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Dec 6, 2022

Mainstream psychology has been complicit — whether intentionally or not — in the establishment of colonial, white-supremacist, capitalist hierarchies of oppression around the world. Individualizing pain lets the systemic causes for our suffering off the hook and places the responsibility for healing and wellbeing on individual will. 

In the 1970’s in El Salvador, confronted by these dangers of western psychology — during a civil war — psychologist Ignacio Martín-Baró started to develop an alternative, constructing a psychology relevant to oppressed peoples, like many of the people of El Salvador who were undergoing social, political, and war-related trauma. 

Martin-Baró was ultimately assassinated as a result of his work by a CIA-trained battalion of the Salvadoran army, but fellow therapists and theologians in Latin America carried his work on. His legacy, known as Liberation Psychology, is an attempt to bring the historical, political, and economic causes of our distresses and discontents into the therapy session. The aim is to bring about liberation through an understanding of the systemic causes of oppression, exploitation, and alienation and to offer pathways to more socialist, just, and regenerative models of relating that would bring about both human and planetary well-being.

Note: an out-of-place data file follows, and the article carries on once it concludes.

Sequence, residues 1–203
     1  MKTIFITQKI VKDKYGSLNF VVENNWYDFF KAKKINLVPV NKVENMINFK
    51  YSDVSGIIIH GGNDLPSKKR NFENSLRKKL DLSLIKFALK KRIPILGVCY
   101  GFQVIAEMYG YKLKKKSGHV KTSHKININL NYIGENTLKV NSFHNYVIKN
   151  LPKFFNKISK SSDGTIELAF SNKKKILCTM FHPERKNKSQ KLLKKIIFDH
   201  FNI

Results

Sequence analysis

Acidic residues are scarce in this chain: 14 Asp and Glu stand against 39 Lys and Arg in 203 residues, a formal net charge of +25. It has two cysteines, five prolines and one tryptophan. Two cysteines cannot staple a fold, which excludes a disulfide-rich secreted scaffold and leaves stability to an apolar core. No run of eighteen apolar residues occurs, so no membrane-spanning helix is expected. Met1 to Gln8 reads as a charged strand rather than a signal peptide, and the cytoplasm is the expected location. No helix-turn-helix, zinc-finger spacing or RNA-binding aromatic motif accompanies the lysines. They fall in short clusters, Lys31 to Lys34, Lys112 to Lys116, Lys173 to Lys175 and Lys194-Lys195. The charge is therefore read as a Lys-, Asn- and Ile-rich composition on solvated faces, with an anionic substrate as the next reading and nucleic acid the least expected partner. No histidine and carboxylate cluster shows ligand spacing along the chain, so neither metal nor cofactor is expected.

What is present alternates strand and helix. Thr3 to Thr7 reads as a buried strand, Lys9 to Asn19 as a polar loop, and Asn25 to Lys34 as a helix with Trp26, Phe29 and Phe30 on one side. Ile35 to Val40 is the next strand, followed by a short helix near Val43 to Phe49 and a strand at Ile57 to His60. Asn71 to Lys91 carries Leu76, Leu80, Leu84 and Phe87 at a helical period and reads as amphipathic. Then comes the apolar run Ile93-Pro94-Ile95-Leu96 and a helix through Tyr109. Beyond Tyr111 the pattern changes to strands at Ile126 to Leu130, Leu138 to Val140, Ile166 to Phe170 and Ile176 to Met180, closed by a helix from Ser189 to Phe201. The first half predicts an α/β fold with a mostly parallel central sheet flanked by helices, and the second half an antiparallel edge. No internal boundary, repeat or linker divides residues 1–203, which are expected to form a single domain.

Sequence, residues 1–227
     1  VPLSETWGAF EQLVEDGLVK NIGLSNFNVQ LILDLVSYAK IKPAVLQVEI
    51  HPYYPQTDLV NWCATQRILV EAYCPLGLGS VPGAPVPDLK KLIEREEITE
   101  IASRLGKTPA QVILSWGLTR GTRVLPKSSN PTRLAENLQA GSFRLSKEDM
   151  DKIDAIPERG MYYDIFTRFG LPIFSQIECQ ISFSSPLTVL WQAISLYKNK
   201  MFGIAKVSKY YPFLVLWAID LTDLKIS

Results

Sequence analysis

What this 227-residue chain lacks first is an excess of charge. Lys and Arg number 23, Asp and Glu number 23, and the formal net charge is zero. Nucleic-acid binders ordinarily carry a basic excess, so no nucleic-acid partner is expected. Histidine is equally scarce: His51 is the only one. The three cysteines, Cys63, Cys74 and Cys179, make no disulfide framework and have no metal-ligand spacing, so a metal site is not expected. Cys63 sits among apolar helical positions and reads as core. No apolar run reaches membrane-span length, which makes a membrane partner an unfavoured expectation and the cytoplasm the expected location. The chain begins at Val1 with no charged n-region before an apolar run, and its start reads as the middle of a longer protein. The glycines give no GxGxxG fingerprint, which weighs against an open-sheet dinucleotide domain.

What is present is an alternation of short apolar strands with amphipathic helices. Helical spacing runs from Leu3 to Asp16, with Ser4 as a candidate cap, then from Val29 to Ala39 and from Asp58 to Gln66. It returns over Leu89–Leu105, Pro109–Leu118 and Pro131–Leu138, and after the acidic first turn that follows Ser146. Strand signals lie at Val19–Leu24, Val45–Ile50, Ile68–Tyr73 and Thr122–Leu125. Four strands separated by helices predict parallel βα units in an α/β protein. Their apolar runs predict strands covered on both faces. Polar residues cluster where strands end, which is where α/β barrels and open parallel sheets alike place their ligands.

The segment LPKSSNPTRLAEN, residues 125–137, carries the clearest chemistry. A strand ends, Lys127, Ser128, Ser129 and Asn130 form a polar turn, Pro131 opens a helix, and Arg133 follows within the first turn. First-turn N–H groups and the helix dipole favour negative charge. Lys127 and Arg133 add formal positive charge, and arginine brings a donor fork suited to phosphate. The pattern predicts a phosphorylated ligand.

To learn more, we’ve brought on two guests with both a theoretical and experiential relationship to Liberation Psychology. 

Daniel José Gaztambide Nuñez, PsyD is a therapist and author of the book A People’s History of Psychoanalysis: From Freud to Liberation Psychology. Daniel is the assistant director of clinical training in the Department of Clinical Psychology at the New School for Social Research, and the director of the Frantz Fanon Lab for Intersectional Psychology, 

Harriet Fraad is a feminist activist, psychotherapist, hypnotherapist, and host of the Capitalism Hits Home podcast. 

We begin the show with Daniel José Gaztambide Nuñez, PsyD exploring Freud, Marx, and the origins of Liberation Psychology. In the second half of the show, we speak with Harriet Fraad exploring a Marxist-Feminist approach to Liberation Psychology.

Thank you to Noname for the intermission music and to Neil Ballard for the cover art. Upstream theme music was composed by Robert Raymond.

Related Conversations / Further listening: Stolen Focus with Johann Hari

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